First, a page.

20 December 2019


Mincemeat, a lovely, fragrant mix of dried fruit, citrus peel, and brandy, just smells and tastes like Christmas. Other than the classic, beloved mince pies, it can be used in a variety of other desserts, with the same delicious results. These brownies being one of the quickest desserts you can make.
Fudge brownies, embellished with a traditional filling, on top of a flaky, buttery pie crust. Colourful dried fruit, a speck of vanilla, some spices, and a splash of good brandy make these mince pie brownies a true delight. A lovely little Christmas treat, best served with a cup of hot coffee.

For the pie crust
120 grams plain flour
50 grams icing sugar
½ teaspoon baking powder
¼ teaspoon salt
75 grams butter, cold
20 ml Vodka, ice-cold
1 teaspoon vanilla bean paste
For the mincemeat brownies
50 grams dried apricots
50 grams raisins
50 grams chopped almonds, optional
50 grams mixed candied peel
50 ml brandy
100 grams dark chocolate
100 grams icing sugar
120 grams unsweetened applesauce
120 grams vanilla yoghurt
1 tablespoon orange zest
1 teaspoon lemon zest
1 teaspoon vanilla bean paste
100 grams plain flour
15 grams unsweetened cocoa powder
¼ teaspoon nutmeg
¼ teaspoon mixed spice
½ level teaspoon cinnamon

To make the crust, sift the flour, icing sugar, baking powder, and salt into a mixing bowl, and add in the diced butter and cut it into the dry ingredients until it resembles fine crumbs. Add in the vanilla and the Vodka, and form a dough that is soft, but not sticky. Place it into a bowl, cover with cling film, and leave it in the refrigerator for 30 minutes.
While the pie dough is being chilled, chop up the dried fruit and the candied peel, and soak it in brandy for 30 minutes or so. Meanwhile, melt the chocolate for the brownies, add in the icing sugar and the applesauce, and mix well. When the chocolate is slightly cooler, add in the yoghurt, orange and lemon zest, as well as vanilla bean paste, and mix very well. Add in the dried fruit and any remaining brandy, and mix again. Finally, sift in the flour, cocoa powder, and the spices, and gently fold everything though.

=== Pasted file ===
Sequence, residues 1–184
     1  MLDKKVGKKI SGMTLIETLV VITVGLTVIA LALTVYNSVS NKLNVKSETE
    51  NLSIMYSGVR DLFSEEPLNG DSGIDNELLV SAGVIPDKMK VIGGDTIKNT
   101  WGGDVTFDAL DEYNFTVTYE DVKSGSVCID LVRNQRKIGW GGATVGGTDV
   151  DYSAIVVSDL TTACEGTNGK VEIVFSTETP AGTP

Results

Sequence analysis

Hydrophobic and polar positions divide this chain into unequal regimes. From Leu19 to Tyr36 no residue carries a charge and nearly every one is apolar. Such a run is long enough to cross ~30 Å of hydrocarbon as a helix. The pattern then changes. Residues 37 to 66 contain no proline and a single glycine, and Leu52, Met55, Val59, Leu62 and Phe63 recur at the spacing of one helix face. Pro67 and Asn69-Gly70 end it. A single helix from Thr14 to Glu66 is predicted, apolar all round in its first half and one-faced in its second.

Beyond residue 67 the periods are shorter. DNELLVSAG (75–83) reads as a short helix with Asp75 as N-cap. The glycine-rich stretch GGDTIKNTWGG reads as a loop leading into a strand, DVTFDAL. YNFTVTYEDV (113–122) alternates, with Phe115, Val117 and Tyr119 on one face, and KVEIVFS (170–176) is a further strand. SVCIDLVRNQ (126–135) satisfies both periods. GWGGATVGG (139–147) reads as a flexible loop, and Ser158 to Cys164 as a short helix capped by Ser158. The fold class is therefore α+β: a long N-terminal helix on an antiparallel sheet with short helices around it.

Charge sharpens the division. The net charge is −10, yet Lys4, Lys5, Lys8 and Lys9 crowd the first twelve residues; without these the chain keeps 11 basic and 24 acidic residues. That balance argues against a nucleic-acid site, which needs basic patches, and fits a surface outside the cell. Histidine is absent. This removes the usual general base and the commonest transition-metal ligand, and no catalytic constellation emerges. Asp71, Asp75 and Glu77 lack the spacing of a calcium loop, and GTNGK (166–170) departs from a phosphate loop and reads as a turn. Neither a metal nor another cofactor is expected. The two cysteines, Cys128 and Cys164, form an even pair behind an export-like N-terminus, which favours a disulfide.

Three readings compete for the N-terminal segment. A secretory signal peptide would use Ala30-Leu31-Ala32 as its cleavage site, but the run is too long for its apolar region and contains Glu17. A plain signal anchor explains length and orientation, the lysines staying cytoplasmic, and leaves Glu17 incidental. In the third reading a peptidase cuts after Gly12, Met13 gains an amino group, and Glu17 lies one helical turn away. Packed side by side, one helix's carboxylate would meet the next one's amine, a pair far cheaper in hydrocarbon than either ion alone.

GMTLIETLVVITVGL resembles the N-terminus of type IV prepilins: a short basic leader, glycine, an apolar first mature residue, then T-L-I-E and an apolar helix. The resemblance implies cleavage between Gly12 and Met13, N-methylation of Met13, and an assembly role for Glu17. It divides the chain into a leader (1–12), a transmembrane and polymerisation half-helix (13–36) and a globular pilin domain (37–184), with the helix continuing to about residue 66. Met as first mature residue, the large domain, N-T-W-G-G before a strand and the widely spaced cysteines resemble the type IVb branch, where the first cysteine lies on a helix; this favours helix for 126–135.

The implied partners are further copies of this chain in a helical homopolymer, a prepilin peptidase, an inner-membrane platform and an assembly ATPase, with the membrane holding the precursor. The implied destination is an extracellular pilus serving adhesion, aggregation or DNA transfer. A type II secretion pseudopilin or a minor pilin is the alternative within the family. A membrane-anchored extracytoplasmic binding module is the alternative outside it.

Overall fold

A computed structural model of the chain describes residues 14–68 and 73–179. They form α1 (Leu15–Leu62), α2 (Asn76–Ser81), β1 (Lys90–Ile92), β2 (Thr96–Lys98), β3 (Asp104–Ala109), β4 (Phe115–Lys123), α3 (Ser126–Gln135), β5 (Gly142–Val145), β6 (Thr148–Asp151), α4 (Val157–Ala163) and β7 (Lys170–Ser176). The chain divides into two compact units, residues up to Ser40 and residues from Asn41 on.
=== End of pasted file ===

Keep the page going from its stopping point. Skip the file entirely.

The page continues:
When the dough is ready, take a small, square baking pan (18x18 cm) with a removable bottom, and line it with baking parchment. Place the pie dough in the centre, and gently roll it out evenly to fill the bottom of the pan, and bake, in a preheated oven, at 180°C, for about 10 minutes, until it is puffed up and starting to turn golden. Once baked, let it cool down enough to stop bubbling, and then pour in the brownie batter, and bake, at the same temperature, for 20-25 minutes. Check for doneness around the 20-minute mark so they do not overbake and become dry. Once baked, let it cool down to your liking, slice it up, and serve. Yields 16 servings.
Baker's note: These can be served slightly frozen, too; the pie base will not freeze solid.